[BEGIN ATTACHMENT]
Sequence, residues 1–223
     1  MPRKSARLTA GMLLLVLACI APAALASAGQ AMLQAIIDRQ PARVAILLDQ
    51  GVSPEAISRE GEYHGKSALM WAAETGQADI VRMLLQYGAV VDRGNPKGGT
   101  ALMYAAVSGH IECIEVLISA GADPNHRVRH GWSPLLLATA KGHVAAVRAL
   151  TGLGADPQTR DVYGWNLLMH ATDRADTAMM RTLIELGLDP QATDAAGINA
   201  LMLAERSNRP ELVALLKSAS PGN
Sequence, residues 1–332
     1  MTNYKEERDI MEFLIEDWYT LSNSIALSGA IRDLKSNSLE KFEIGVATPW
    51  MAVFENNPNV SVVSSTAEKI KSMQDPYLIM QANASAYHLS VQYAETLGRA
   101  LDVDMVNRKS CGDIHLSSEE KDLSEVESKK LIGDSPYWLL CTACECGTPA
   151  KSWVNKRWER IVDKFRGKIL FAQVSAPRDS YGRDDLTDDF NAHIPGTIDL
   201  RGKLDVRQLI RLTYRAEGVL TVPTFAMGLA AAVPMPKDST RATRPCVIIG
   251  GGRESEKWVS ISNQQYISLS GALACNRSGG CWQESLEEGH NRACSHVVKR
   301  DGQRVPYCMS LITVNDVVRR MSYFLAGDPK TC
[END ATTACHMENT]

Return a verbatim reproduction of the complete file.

Sequence, residues 1–223
     1  MPRKSARLTA GMLLLVLACI APAALASAGQ AMLQAIIDRQ PARVAILLDQ
    51  GVSPEAISRE GEYHGKSALM WAAETGQADI VRMLLQYGAV VDRGNPKGGT
   101  ALMYAAVSGH IECIEVLISA GADPNHRVRH GWSPLLLATA KGHVAAVRAL
   151  TGLGADPQTR DVYGWNLLMH ATDRADTAMM RTLIELGLDP QATDAAGINA
   201  LMLAERSNRP ELVALLKSAS PGN
Sequence, residues 1–332
     1  MTNYKEERDI MEFLIEDWYT LSNSIALSGA IRDLKSNSLE KFEIGVATPW
    51  MAVFENNPNV SVVSSTAEKI KSMQDPYLIM QANASAYHLS VQYAETLGRA
   101  LDVDMVNRKS CGDIHLSSEE KDLSEVESKK LIGDSPYWLL CTACECGTPA
   151  KSWVNKRWER IVDKFRGKIL FAQVSAPRDS YGRDDLTDDF NAHIPGTIDL
   201  RGKLDVRQLI RLTYRAEGVL TVPTFAMGLA AAVPMPKDST RATRPCVIIG
   251  GGRESEKWVS ISNQQYISLS GALACNRSGG CWQESLEEGH NRACSHVVKR
   301  DGQRVPYCMS LITVNDVVRR MSYFLAGDPK TC